The Cyber Security Authority (CSA) has set September 30, 2023 as the deadline for cybersecurity service providers (CSPs), cybersecurity establishments (CEs), and cybersecurity professionals (CPs) to obtain the necessary licence and accreditation.
Subsequently, it said, public sector institutions will only engage CSPs, CEs and CPs that possess CSA-approved licencing and accreditation, thus aligning with Act 1038 and the Guidelines for CSP licencing and CES and CP accreditation.
Since the exercises commenced on March 1, 2023, a total of 448 cybersecurity professionals, 25 cybersecurity establishments and 92 cybersecurity service providers have registered for the licencing and accreditation process, the CSA disclosed.
Announcing the latest developments at a joint press conference between the CSA and Public Procurement Authority (PPA) in Accra, Director-General of the CSA, Dr. Albert Antwi-Boasiako, declared that the country will become a pioneer nation in Africa – joining a select global group including Singapore to introduce a licencing regime for cybersecurity service providers, as well as an accreditation process for cybersecurity establishments and professionals when the regulation is finally enforced.
“Cyber is a global commodity, and you need to adopt certain best practices which are consistent with international best practices. But it’s a question of waiting for other countries to start first before you do. Ghana is leading the way in this direction, and the process has been smooth so far in terms of the registration processes and others,” he said.
He added: “Again, this exercise will complement Ghana’s efforts in improving its International Telecommunication Union’s (ITU) Global Cybersecurity Index ranking from 3rd to 1st in Africa, and among the world’s top 25”.
Partnership with PPA
The Director-General also revealed a partnership with the Public Procurement Authority, which will take effect from October 1, 2023 – after the September deadline – and subject cybersecurity entities to rigorous procurement procedures before they can deal with public sector institutions.
This, he said, will ensure a robust and thorough vetting process for cybersecurity service providers before their involvement in government projects.
Considering the cross-sectorial nature of cybersecurity and its effects on the country’s socio-economic development, Dr. Antwi-Boasiako said it is expedient that the CSA collaborates with key agencies to ensure adequate systems and processes are put in place to promote cyber-resilience across sectors.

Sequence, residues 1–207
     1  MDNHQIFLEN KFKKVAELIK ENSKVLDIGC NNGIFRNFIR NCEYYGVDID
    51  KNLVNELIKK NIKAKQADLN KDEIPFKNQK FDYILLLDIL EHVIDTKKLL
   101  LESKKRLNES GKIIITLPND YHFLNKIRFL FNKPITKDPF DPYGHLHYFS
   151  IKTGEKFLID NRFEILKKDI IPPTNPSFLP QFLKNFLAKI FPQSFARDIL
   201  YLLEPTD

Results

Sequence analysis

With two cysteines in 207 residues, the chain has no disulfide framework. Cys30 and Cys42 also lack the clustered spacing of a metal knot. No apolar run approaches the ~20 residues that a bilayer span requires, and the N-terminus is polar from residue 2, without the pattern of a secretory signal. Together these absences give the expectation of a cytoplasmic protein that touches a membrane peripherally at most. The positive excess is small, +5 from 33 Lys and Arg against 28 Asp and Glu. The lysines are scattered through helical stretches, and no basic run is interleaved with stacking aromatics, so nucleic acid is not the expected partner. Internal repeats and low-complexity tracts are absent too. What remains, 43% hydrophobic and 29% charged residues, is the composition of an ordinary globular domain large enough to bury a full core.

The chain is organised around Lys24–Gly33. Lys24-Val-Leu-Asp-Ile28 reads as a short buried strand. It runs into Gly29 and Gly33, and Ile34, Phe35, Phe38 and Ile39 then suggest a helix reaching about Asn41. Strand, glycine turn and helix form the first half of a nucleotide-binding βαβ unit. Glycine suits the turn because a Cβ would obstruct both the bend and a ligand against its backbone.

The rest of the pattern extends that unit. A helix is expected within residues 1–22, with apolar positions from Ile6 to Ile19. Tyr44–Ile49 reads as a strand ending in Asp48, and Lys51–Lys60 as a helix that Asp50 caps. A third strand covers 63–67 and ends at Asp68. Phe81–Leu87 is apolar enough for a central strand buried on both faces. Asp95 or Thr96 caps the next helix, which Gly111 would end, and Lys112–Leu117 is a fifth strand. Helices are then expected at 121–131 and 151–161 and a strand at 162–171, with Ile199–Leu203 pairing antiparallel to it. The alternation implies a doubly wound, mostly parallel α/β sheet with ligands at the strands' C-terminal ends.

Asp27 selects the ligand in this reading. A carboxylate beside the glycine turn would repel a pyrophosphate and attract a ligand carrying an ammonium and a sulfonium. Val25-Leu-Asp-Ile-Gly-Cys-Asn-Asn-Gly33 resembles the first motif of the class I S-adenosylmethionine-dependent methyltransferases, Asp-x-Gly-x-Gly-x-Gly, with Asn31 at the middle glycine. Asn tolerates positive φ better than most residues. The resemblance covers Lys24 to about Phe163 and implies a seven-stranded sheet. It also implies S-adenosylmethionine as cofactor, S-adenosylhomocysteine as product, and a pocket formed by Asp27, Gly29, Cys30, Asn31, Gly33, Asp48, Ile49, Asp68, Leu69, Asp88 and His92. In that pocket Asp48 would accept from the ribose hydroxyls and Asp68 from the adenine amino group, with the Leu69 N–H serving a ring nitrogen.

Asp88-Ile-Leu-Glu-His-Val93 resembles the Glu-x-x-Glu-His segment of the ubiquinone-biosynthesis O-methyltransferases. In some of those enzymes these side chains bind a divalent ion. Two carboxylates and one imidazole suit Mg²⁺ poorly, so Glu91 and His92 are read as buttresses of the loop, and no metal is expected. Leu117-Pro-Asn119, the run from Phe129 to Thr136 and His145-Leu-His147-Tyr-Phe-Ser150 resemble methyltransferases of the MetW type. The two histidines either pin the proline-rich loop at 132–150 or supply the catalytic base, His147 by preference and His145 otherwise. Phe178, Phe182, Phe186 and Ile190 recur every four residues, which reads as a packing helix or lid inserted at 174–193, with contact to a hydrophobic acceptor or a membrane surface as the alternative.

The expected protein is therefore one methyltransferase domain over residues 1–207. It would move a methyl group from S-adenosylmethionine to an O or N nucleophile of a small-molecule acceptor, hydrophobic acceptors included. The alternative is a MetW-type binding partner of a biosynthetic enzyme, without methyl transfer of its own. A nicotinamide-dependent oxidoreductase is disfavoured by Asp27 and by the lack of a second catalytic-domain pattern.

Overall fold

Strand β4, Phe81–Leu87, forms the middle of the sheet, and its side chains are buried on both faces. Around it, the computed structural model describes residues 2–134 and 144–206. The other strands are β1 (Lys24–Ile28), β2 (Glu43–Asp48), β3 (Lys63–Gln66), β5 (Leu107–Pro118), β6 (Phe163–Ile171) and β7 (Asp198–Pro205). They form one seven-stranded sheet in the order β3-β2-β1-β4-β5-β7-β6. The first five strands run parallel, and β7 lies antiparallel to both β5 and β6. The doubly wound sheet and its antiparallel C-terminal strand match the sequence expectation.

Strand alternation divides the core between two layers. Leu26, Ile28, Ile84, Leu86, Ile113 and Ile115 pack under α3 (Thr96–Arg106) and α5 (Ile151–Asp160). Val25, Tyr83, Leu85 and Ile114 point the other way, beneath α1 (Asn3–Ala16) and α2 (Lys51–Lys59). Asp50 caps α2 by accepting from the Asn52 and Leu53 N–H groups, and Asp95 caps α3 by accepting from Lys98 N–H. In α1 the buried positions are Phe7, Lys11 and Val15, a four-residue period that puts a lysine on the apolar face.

Other areas of the collaboration include ensuring that covered entities – in procuring cybersecurity services by the Guidelines developed pursuant to Act 1038 – engage cybersecurity service providers that are licenced by the CSA; and ensuring that covered entities engage cybersecurity establishments and cybersecurity professionals who are accredited by the CSA in performing cybersecurity-related functions.
PPA welcomes collaboration
Chief Executive Officer (CEO) of the Public Procurement Authority (PPA), Frank Mante, on his part said the collaboration with CSA will contribute to the PPA’s overall objective of harmonizing the processes of public procurement in the public service to secure a judicious, economic and efficient use of state resources.
He assured that the Authority will “ensure compliance with standards and incorporate CSA licencing and accreditation into the qualification and prequalification criteria for selecting cybersecurity service providers, cybersecurity establishments and cybersecurity professionals to be engaged by public sector institutions”.
“Government, through the CSA and other relevant agencies such as the PPA, has a shared responsibility of addressing cybersecurity matters and is committed to fighting cybercrime and maintaining the public safety of citizens online. This partnership will ensure that best practices are observed, especially by ensuring that only CSA-certified experts provide cybersecurity services in the public sector,” he added.